Eureka is about 3 hours North of San Fransisco... far enough to be away, close enough for a weekend visit.

Now I think I'm ready to move there... I wonder if they have any jobs available for a Biology Teacher  

cheers,
bruce


To correct; I went to Humboldt State for 5 years in Arcata (7 mi. north of Eureka)
The fastest I ever made it to or from the the SF BAY was 5 hours.


The 'average' driver stopping for food or gas will take about 6 hours.



Mind you, making the trip in 3 hours is possible....


...with a plane.  



If anyone wants to see the area, I have a brand new gallery of photos of the North Coast.
« Last Edit: April 10, 2009, 09:35:55 AM by enlightphoto » Logged

Gary Crabbe
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NEW PORTFOLIOS:
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186,000 miles/sec: Not just a good idea, it's the LAW!


IMAGINE THAT:
Every sixty minutes, the universe expands by one billion miles in all directions.
Lust4Life
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« Reply #26 on: April 10, 2009, 01:03:08 PM »
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Hi Gary,

Your logic reflects my own on this topic.

From a Micro viewpoint, ideal is to have activities in your immediate area that you enjoy on a daily basis -- jogging, fishing, swimming, community of like minded people, shopping, etc.
From a Macro viewpoint, ideal is to have varied topography and points of interest within a days drive.

Your right about the east bay area of SF - I've been looking there but can be a bit deterred by some of the areas crime rates.  
I've also been looking in the area east of Sacramento - Cameron Park, Folsom, etc.  Give up quick access to the sea, but the cost of housing is not unreasonable.

There is one serious drawback to the SF region, and that is the geologic threats that exist.  Of course, this is only an issue if a serious earthquake occurs.  But if and when it does, sure could screw up a nice lifestyle!

In short, with all this pondering the old axiom is proving valid.  There is no one place that is ideal, all require compromise.

Thus for the Bay Area; high risk of earthquake devistation the area (may or may not happen in the next 20 years but the learned geologist sure are convinced).
 
For CA as a whole; high CA State Income Tax of 10.3% on every dollar earned; sales tax generally at 8.75%; property taxes that run in the 1.17-1.27% of purchase price and many of the new communities have infrastructure taxes levied on the homes that amount to another $200/month in COL; States broke; etc.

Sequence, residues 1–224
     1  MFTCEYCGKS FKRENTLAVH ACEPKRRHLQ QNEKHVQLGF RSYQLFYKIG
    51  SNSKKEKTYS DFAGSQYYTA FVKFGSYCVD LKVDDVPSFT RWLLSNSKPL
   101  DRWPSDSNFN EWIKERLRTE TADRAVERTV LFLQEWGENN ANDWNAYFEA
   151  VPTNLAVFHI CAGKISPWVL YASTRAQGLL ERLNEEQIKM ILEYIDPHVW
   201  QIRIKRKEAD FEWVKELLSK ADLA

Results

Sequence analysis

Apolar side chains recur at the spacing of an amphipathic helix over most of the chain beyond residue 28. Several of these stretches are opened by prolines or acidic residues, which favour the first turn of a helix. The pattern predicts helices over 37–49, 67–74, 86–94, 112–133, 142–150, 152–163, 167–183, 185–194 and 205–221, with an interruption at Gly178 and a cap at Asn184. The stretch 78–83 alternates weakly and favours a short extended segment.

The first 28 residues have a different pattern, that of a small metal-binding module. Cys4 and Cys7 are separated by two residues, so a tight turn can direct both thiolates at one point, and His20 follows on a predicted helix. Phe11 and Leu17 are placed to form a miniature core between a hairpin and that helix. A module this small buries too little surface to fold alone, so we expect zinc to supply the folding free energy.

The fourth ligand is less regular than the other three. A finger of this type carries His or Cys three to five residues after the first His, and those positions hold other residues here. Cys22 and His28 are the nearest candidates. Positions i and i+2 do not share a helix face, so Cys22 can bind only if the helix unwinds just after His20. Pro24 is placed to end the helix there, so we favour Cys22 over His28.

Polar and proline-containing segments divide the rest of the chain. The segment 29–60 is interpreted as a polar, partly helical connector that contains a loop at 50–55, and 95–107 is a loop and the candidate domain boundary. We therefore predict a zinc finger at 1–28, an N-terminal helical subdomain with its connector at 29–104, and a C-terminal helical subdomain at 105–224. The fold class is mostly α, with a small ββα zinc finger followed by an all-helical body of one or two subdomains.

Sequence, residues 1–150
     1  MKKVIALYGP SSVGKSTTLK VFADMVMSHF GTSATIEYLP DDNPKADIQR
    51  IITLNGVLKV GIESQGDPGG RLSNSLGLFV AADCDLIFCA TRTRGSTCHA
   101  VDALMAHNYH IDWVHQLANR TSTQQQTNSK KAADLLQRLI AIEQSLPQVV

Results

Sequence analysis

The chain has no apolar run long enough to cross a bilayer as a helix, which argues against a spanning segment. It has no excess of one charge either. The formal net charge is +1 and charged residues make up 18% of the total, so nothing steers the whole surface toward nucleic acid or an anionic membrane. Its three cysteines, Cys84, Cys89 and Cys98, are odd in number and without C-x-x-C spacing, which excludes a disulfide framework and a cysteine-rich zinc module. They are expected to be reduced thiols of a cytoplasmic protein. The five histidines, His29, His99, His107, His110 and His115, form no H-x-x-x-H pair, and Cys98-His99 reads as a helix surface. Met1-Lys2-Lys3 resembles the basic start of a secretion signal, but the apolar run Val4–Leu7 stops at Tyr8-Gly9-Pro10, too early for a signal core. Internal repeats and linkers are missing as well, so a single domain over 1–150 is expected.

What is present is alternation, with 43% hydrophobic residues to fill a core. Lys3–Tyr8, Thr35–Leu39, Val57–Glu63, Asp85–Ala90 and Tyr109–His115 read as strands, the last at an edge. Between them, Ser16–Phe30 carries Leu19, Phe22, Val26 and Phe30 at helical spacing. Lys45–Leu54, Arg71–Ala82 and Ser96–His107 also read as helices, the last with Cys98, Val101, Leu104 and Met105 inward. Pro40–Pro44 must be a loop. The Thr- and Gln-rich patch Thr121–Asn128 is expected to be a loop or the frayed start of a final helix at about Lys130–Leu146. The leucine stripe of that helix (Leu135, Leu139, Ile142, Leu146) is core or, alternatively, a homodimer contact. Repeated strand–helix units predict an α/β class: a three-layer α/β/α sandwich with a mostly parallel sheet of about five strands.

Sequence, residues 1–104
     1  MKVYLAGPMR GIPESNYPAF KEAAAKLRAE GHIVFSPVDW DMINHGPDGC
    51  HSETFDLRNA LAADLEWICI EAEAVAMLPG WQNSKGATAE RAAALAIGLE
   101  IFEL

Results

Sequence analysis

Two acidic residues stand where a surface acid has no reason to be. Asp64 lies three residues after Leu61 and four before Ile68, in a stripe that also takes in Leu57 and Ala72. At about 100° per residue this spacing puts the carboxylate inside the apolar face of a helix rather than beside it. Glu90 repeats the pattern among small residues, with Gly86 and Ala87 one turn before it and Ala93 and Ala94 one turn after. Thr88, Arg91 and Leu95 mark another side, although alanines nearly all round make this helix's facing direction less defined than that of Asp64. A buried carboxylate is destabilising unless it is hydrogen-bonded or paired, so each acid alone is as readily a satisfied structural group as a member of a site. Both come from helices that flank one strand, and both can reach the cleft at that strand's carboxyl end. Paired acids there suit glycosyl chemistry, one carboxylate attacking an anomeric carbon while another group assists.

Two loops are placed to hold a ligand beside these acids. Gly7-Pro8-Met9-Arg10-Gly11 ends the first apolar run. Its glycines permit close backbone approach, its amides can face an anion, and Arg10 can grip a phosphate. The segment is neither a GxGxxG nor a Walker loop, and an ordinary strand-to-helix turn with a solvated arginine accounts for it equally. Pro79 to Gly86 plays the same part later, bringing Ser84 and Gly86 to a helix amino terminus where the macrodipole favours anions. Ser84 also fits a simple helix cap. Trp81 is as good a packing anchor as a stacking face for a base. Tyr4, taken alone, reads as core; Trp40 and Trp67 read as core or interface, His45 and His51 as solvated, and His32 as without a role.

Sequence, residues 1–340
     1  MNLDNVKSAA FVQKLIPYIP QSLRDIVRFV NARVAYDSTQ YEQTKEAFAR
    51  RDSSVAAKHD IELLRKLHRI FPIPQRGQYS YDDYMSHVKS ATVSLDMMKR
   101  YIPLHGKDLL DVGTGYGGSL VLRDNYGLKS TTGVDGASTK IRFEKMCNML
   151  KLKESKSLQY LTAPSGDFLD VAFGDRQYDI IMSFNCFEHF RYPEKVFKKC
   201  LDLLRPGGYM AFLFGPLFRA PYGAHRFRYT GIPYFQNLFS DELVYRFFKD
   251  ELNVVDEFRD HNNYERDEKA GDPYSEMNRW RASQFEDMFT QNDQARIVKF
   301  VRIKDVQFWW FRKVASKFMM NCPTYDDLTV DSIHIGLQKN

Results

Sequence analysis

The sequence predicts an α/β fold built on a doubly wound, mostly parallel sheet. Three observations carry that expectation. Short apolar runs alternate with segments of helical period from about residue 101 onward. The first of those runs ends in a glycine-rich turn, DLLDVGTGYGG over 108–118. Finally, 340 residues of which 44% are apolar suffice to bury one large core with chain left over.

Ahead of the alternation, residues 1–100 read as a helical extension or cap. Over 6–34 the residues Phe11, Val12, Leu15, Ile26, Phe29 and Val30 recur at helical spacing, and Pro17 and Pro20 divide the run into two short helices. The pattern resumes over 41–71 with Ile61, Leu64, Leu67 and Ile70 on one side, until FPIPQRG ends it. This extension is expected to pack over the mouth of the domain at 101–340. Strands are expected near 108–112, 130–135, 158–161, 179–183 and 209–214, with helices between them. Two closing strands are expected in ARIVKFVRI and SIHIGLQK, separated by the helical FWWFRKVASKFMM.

In short, dang, comprises are a-plenty!

But as I sit here in FL typing this, you could have driven into SF, had a great pizza for lunch, then headed up to Muir Woods for a hike on Fern Creek Trail, and then off to China Town for a great dinner and return home!!   :-)

My luck is that I'd stay domiciled here in FL, take a vacation to your area and be killed in the earthquake that would occur while I'm there!!!

OK, I agree, I need an attitude adjustment!
Jack

Quote from: enlightphoto
To correct; I went to Humboldt State for 5 years in Arcata (7 mi. north of Eureka)
The fastest I ever made it to or from the the SF BAY was 5 hours.


The 'average' driver stopping for food or gas will take about 6 hours.



Mind you, making the trip in 3 hours is possible....


...with a plane.  



If anyone wants to see the area, I have a brand new gallery of photos of the North Coast.
« Last Edit: April 10, 2009, 01:08:22 PM by Lust4Life » Logged

Paul Sumi
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« Reply #27 on: April 10, 2009, 03:39:00 PM »
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Quote from: Lust4Life
Thus for the Bay Area; high risk of earthquake devistation the area (may or may not happen in the next 20 years but the learned geologist sure are convinced).

The fact is, the entire west coast is tectonically active.  It's one of the reasons we have beautiful places like the Sierra Nevada, the Cascades, Mt Rainier, etc, but unfortunately earthquakes and volcanoes, too.  If you're looking for someplace geo-physically stable, well, there are the Appalachians.   (Not trying to diss the Appalachians, which have a beauty of their own).  

ANYwhere has its hazards - it's a matter of whether you can accept the risk trade-offs.  And yes, I hope that you don't have the misfortune of experiencing The Big One while you're visiting the west coast!  

Paul
« Last Edit: April 10, 2009, 03:44:01 PM by PaulS » Logged

schrodingerscat
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« Reply #28 on: April 10, 2009, 03:43:48 PM »
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Quote from: Lust4Life
Talked with a buddy last night who lives in Long Beach - after that chat I've ruled out anything south of Carpinteria, California.
Now looking at:
Carpinteria, California
Santa Barbara
San Luis Obispo/Morrow Bay
Monterey
Santa Rosa - was there in 80's and liked it.

Also Sequim and Port Townsend in WA/Olympic Penn.  But the more realistic I become, the less I think I can handle the months of gray weather and drizzle.

Though I love Carmel, it seems to become nothing but a tourist trap in the Spring-Fall and the traffic becomes a nightmare on 101 (last visit there was 2 years ago).

I also remember San Luis Obispo area as being nice - any feedback on this city?

Close friend suggests going between Sacramento and Lake Tahoe - say Cameron Park or Folsom Lake.
That would mean giving up the beach access but I'm finding beach access may have to be traded off for other attributes.

Jack


On this list, I'd vote for SLO. Nice college town fairly close to the Pacific. Puts you in good striking range of the Sierras as well as LaLA and SF, but gets bloody hot in the summer. One of the epicenters of the craft beer movement.

As you had stated a desire to spend time swimming in the ocean, the further north you go, the colder the water, the higher the bluffs to get down to the beach, and the rockier the beaches. The surf gets more treacherous the further north you go as well.   Another good beach town is Santa Cruz. Would consider that over the greater Monterey area.  Another thing to consider is that from Monterey north, most of the summer is fogged in on the coast. People die in Frisco if the temperature goes above 80 F.